In his speech, Zakim focused on the role of the secretary of state as the chief elections official. He said he supports automatic voter registration, "no excuse" absentee voting, holding elections on weekends and allowing people to register to vote on Election Day.
"We need to make it easier to register to vote, we need to make it easier to vote now. Not after this fall, not next year, and not after the courts have forced us to but right now," he said. "And that's what's both invigorating and tragic: there are so many simple, common-sense steps we can and should be taking to lead on this issue right now. In fact, every single one of these shortcomings could have and should have been fixed years ago. Maybe even decades ago. That's why we need to move forward now."
A video that played before Zakim took the convention stage Saturday focused on how he would bring "fresh ideas" to the secretary's office, specifically naming women's rights and immigration as issues on which he would be active as secretary in the Donald Trump era.
Galvin has also been an outspoken critic of Trump, warning again Saturday that the president's administration is attempting to "sabotage" the 2020 U.S. Census by intentionally undercounting immigrants and college students, potentially leading to a decline in federal funds for states like Massachusetts.
"My ask of you today is not to reward my past service or performance. My ask of you today is to use me and my skills and my knowledge and my expertise to protect the election process going forward," Galvin said. "Because if you don't think the Russians and Donald Trump are going to try to affect the election in 2020, I think I've got a bridge to sell you."
Sen. Karen Spilka, who is expected to ascend to Senate presidency next month, nominated Galvin at the convention Saturday.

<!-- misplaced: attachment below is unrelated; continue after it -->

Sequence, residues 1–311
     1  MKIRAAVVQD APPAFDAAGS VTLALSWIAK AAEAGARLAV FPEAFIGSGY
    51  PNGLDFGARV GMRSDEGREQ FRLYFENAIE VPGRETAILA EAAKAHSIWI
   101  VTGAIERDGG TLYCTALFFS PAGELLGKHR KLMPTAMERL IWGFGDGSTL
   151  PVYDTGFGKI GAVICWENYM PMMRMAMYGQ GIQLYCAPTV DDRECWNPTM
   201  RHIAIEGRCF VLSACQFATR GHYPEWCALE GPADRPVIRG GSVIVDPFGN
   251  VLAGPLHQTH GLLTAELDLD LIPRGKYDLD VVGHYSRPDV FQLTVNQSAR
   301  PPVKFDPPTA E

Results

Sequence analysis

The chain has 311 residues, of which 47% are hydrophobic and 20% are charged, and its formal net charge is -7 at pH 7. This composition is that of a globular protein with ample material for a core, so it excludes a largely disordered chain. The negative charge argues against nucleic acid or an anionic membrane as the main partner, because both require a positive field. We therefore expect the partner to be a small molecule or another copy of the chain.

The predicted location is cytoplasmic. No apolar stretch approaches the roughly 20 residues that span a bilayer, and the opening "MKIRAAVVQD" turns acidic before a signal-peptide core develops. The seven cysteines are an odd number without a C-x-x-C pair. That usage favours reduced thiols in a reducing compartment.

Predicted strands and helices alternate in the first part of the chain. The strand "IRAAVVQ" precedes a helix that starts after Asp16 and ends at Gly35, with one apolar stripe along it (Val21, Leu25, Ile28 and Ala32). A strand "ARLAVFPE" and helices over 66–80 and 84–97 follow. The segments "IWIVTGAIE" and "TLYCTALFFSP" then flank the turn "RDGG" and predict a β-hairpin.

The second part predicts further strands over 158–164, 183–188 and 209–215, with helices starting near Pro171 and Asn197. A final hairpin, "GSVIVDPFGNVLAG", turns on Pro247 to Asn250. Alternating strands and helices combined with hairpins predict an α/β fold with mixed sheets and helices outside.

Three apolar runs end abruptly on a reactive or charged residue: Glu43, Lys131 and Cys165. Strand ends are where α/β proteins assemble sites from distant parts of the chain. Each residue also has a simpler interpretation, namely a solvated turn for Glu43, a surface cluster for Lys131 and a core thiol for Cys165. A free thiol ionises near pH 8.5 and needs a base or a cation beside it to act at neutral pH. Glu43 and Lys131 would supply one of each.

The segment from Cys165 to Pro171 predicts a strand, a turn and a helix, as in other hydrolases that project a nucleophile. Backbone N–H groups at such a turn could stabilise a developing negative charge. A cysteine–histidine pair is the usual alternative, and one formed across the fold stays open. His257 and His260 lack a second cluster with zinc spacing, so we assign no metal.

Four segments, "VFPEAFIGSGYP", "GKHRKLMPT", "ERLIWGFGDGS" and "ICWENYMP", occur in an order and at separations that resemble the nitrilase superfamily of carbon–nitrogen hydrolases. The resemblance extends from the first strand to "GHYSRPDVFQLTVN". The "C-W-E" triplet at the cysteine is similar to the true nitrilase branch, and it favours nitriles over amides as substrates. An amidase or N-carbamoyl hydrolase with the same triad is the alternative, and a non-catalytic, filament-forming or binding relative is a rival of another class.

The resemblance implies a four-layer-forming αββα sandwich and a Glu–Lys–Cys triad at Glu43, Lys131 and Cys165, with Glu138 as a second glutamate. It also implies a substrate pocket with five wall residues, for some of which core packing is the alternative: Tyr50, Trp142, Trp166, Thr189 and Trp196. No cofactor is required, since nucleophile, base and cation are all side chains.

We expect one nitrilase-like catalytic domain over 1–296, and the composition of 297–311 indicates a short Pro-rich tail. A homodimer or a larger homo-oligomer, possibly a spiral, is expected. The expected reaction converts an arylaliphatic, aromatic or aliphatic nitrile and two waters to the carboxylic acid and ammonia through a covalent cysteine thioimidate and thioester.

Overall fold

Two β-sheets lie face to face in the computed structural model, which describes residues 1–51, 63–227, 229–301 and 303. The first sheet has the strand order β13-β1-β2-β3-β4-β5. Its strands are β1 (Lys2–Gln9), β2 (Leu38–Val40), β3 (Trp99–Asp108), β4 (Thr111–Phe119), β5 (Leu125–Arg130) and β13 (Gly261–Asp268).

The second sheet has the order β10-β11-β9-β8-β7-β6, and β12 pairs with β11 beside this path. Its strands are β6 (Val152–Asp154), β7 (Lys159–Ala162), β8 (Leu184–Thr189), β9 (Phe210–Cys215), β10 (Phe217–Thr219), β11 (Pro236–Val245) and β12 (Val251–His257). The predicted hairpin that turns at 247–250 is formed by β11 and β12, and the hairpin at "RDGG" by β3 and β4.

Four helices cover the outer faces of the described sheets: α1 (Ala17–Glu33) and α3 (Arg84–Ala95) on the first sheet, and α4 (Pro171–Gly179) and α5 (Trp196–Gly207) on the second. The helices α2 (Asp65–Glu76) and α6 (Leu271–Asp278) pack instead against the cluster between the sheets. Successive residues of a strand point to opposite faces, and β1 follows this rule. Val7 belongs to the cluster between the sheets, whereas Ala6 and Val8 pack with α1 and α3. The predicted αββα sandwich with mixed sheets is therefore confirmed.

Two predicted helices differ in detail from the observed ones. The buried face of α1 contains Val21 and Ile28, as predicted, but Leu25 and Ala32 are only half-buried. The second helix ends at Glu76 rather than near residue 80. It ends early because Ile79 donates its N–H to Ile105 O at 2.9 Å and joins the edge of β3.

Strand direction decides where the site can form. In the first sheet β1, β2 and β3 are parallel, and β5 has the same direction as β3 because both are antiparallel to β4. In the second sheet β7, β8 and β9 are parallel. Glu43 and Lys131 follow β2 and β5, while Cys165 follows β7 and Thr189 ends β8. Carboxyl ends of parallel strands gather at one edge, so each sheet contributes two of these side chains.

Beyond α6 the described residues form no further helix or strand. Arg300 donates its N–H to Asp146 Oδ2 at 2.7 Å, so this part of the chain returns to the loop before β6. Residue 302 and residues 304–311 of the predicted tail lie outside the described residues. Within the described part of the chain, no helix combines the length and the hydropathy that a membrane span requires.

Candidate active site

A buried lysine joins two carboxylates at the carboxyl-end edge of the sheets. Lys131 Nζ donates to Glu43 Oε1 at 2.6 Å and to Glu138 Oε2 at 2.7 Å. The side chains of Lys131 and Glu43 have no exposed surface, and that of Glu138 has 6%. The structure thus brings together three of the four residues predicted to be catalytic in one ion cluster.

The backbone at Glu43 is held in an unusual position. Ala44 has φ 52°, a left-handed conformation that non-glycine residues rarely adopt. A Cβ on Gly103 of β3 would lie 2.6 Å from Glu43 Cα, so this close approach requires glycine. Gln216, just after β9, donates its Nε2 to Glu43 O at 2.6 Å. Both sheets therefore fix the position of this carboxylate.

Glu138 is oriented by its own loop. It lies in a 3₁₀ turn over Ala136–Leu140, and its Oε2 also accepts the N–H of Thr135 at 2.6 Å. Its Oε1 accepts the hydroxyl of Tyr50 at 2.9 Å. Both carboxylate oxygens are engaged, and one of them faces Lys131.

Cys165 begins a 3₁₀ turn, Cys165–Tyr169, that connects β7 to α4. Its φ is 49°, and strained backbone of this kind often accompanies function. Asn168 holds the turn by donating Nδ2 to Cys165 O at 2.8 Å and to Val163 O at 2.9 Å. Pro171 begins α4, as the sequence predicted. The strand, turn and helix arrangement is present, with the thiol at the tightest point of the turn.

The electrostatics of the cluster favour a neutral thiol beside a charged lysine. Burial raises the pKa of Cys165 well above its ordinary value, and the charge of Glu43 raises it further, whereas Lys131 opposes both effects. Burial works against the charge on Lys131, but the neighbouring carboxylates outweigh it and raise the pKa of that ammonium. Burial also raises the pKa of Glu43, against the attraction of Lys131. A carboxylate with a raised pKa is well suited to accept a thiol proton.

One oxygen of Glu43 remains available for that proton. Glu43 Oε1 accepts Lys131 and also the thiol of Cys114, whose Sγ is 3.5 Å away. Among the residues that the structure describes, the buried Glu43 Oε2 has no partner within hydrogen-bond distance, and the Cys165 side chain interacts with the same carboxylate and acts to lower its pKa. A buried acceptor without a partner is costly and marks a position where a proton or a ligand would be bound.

"Bill has the expertise, experience and a very long list of accomplishments. In this day and age when our democracy seems more fragile than ever, we need a secretary of state with a proven record of running honest, transparent and successful elections," Spilka said. "Simply put, you will not find anybody more committed to the commonwealth of Massachusetts and more dedicated to being secretary of state."
Even with a challenger, Galvin has not dramatically ramped up his outward facing campaign efforts this year. The most recent post to his campaign website's "latest news" tab leads to a U.S. Senate committee report issued in January. Until recently, the best contact many reporters had for the secretary's campaign had been a generic campaign email address.
Cognizant of the uphill battle he faces challenging the longest-serving statewide elected official, Zakim has worked with a public relations firm to get his name and message out to voters through the media. And Zakim last week began announcing a steady stream of endorsements.
U.S. Rep. Seth Moulton, now six years removed from challenging another established Democrat for a seat in Congress, put his name in the Zakim column last week. So have Sens. Joseph Boncore and Julian Cyr, Suffolk County Sheriff Steven Tompkins and Cambridge Mayor Marc McGovern.
Galvin last week countered with the endorsement of former U.S. Rep. Barney Frank, who served in the Massachusetts House with Galvin in the 1970s.
Twenty-eight years ago, it was Galvin who went head-to-head with a powerful member of his own party -- and won. After serving in the Massachusetts House for almost 15 years, the Brighton Democrat took on his chamber's leader, House Speaker George Keverian of Everett, for the Democratic Party's nomination for treasurer in 1990.
Galvin cruised to victory over Keverian, handing the Everett Democrat his one electoral loss at the state level. That November, Galvin suffered what is his only state-level electoral loss at the hands of Republican Joe Malone in a race for treasurer.
After defeating Augie Grace in the 1994 Democratic primary and former Republican Sen. Arthur Chase in the general, Galvin began his reign as secretary of state. Though he has served in that post for six four-year terms, Galvin has not always been content to stay there.
In January 2002, Galvin reluctantly ended a brief run for governor after concluding that fundraising and a fight just to earn a spot on the primary ballot would prove too much, the News Service reported. As recently as 2009, he expressed an interest in running for attorney general.
Whichever Democrat wins the party's primary on Sept. 4 will face Republican Anthony Amore and Green-Rainbow candidate Juan Sanchez in the November general election.
This report was originally published by State House News Service.